Many think he should be dumped as well as Newman, Scandrick, and Ball but the basic truth is that they're going to have a hard enough time replacing the corners, never mind adding a safety into the mix. Elam isn't great but he's a good start. Essentially, the safety spots are both filled by average players who aren't glaring liabilities at present, so leave them and focus on the liabilities around them. Down the line, theoretically, you'd reach a point where those average safeties become the liability and that's when you deal with them.
Rookie kicker had a few tough games, but let's remember two of them were directly because of his own head coach. Garrett icing him certainly did the trick and literally cost us the game as he made the first kick, but it also paved the way for the second iced kick by showing how well it worked on our boy. Bailey is good though, and will get another season to show it.
McBriar says today that he feels the surgery to remove a cyst believed to be causing his nerve issues is all he needs to return to form, and a mere recovery is all he needs. He's a rock at punter and we need him back. He's also a free agent and will just be getting healthy again around the week free agency starts. I predict we'll resign him if he can pass the physical and kick the ball. His skill isn't a question, only his health.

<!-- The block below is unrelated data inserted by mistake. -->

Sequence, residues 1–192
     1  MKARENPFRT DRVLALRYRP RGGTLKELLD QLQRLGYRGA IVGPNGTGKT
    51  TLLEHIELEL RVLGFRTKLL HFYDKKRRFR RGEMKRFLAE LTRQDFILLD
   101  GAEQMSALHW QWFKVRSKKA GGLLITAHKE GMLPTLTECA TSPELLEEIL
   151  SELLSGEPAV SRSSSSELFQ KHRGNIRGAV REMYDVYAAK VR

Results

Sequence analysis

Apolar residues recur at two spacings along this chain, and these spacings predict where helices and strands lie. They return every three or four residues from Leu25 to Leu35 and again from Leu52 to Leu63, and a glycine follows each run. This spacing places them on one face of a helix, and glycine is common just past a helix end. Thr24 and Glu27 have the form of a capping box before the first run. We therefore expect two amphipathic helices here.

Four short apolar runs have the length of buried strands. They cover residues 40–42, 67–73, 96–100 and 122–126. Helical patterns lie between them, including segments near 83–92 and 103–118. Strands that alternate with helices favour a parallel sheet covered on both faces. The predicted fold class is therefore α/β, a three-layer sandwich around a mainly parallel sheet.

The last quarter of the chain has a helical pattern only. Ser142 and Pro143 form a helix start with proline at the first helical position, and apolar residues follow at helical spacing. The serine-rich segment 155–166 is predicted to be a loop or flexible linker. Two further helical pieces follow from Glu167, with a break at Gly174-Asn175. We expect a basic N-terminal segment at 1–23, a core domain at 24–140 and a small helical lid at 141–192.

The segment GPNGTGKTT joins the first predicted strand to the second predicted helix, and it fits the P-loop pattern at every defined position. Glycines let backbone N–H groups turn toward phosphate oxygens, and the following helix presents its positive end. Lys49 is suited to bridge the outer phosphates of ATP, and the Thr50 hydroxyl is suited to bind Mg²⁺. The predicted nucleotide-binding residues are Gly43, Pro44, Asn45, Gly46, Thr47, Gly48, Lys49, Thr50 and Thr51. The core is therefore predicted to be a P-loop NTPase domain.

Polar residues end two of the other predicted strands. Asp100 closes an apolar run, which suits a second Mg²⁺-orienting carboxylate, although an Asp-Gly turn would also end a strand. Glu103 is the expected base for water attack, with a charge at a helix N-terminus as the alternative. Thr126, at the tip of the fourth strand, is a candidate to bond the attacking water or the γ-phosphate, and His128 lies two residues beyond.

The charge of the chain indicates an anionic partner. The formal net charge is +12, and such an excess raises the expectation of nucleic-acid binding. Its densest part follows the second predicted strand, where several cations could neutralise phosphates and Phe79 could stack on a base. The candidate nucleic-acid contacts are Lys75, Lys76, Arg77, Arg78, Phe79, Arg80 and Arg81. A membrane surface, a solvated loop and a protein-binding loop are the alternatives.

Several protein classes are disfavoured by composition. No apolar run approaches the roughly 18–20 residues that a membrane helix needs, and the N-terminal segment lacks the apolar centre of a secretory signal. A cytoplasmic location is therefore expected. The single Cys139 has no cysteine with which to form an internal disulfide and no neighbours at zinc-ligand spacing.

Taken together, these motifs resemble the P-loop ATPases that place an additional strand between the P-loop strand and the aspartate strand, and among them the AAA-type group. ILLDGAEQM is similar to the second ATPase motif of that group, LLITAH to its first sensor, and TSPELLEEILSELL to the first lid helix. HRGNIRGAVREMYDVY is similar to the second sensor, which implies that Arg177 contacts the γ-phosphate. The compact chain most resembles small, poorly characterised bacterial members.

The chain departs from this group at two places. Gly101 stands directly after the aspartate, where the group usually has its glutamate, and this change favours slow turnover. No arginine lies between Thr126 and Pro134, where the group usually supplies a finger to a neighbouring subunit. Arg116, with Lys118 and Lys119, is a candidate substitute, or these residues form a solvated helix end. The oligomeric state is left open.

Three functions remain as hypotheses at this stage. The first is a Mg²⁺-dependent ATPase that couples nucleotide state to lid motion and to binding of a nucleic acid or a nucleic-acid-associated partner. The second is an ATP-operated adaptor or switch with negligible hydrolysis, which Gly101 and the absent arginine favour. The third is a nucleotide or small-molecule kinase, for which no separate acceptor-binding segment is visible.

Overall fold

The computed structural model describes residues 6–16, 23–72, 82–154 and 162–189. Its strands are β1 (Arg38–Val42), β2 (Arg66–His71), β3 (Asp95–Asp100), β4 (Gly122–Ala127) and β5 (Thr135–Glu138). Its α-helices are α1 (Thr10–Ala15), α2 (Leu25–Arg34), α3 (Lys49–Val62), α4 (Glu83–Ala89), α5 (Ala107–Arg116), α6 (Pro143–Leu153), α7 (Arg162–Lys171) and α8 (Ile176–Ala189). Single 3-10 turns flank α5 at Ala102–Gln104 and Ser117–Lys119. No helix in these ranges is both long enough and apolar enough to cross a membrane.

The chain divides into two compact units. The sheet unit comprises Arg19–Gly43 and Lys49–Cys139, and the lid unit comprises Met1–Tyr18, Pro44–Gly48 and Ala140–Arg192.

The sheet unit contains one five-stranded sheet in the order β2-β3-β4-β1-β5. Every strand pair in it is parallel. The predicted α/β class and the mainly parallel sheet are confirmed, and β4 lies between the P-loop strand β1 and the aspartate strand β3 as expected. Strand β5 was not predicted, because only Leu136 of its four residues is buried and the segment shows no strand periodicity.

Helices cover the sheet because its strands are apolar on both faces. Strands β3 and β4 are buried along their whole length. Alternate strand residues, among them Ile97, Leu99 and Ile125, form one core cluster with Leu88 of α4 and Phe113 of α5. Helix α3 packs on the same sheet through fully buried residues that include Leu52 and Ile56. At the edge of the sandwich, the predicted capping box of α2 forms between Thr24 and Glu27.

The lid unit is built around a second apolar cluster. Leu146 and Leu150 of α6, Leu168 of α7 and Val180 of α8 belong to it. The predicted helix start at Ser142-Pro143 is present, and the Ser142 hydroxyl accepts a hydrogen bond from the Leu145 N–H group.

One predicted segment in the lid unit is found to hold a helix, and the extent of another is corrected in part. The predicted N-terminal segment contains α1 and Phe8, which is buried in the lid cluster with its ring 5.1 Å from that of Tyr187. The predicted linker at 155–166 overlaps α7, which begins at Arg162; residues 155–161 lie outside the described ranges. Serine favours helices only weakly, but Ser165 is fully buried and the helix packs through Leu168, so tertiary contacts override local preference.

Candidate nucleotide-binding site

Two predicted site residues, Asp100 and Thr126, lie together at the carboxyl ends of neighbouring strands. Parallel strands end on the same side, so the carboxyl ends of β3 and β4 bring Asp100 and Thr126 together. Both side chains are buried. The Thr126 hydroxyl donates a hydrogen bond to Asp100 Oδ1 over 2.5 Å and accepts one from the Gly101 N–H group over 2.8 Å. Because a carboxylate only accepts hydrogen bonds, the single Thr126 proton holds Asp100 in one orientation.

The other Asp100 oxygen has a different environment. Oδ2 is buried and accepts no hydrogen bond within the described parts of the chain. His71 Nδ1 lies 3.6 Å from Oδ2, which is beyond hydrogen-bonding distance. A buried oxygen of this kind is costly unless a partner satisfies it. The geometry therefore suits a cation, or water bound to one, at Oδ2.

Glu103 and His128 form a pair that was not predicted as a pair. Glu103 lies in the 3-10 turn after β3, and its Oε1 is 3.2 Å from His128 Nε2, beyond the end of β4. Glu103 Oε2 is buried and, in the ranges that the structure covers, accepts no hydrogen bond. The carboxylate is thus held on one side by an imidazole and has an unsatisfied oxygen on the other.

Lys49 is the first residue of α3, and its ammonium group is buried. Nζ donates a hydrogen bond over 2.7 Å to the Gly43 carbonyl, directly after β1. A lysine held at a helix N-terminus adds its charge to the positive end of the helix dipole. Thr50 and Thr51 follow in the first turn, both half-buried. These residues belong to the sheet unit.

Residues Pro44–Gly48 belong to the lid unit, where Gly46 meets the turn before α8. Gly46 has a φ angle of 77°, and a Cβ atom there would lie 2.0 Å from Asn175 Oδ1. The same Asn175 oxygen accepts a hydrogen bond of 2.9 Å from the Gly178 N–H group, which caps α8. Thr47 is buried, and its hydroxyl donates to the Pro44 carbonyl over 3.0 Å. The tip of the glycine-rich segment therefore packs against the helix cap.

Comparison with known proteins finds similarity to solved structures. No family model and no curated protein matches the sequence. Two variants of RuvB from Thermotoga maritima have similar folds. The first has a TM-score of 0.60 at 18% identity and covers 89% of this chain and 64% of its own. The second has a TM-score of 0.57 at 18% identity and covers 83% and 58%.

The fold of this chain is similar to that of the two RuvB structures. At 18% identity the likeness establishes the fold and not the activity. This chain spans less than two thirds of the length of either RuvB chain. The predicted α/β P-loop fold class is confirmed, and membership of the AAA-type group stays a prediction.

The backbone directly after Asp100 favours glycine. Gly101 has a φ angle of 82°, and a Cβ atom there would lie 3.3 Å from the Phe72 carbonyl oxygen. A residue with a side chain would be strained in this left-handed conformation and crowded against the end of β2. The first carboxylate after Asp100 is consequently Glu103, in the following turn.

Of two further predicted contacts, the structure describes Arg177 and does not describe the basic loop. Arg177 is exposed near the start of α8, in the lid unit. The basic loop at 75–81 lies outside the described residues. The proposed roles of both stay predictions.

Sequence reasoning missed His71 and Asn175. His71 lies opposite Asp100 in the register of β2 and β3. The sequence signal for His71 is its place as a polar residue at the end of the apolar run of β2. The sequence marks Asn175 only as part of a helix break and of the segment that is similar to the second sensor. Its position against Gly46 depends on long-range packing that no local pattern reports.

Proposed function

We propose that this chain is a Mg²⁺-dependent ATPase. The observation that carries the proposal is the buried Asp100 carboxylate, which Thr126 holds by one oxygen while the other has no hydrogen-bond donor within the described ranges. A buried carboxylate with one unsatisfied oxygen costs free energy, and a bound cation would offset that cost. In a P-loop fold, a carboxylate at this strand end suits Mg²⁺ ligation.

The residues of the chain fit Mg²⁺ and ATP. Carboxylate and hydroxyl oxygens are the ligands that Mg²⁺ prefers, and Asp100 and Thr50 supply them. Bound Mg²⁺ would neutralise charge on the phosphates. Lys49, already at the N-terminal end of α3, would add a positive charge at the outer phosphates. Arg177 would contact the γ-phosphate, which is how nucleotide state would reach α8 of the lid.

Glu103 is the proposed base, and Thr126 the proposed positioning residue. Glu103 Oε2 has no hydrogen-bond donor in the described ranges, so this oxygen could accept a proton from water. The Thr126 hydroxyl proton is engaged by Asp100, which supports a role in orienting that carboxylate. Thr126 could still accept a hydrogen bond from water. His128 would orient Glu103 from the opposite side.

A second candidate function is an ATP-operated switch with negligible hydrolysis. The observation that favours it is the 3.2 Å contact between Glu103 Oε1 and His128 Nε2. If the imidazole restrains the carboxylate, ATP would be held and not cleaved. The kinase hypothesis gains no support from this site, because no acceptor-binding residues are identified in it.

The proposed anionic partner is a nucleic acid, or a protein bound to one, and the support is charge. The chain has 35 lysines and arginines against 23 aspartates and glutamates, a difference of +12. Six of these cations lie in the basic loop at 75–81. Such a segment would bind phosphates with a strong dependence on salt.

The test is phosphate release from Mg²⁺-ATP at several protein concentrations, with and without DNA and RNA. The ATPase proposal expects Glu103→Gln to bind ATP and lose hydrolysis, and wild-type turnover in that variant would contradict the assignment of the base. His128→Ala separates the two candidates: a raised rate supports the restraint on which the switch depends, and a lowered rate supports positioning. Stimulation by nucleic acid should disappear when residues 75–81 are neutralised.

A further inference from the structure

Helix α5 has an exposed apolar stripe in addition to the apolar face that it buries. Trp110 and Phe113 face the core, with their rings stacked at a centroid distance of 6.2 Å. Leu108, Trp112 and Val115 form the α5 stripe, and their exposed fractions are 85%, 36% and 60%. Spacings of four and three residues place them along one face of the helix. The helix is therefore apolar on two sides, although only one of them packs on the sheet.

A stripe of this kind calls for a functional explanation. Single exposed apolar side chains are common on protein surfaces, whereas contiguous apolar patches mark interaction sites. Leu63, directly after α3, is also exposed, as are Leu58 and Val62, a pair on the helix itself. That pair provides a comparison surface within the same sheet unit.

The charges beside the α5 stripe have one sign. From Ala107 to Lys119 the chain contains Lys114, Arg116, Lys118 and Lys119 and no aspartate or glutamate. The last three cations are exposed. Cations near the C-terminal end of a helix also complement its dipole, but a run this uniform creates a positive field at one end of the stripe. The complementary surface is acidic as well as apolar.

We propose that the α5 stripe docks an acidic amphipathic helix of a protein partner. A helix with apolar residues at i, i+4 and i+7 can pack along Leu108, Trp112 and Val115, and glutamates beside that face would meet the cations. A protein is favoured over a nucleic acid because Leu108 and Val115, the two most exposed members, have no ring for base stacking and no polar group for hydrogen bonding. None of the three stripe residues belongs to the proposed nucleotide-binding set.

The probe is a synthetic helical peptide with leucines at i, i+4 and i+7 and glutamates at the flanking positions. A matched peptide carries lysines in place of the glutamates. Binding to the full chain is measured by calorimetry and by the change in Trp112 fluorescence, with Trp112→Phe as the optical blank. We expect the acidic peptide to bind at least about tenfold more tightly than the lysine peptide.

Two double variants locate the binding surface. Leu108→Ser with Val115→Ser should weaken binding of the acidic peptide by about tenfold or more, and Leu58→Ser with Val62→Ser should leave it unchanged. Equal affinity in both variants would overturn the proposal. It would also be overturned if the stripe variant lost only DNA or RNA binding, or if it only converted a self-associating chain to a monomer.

The special teams units looked good all year - most of the year - had a few run backs gone too far late in the season but otherwise it was a solid unit for once. And luckily DeCamillis is here to stay for another year.
All-in-all this team needs a lot of work and much of it is now down to new players - through the draft, free agency, and our own talent pool (practice squad and backups). The offense needs health and the defense needs better players. It's at least an easy problem to figure out, even if the solution isn't quite so clear.
Cowboys en Español: Evaluando la Administración
Entre los aficionados de los Dallas Cowboys, pocas cosas son criticadas tan frecuentemente como la administración de la franquicia que no ha ganado ningún Super Bowl en más de dos décadas. Se ha convertido en un equipo que, a pesar de ser el más valioso en el mundo deportivo, no ha sido nada relevante en el emparrillado. Lo que alguna vez fue una dinastía se ha convertido en una unidad que rompe frecuentemente los corazones de los fans.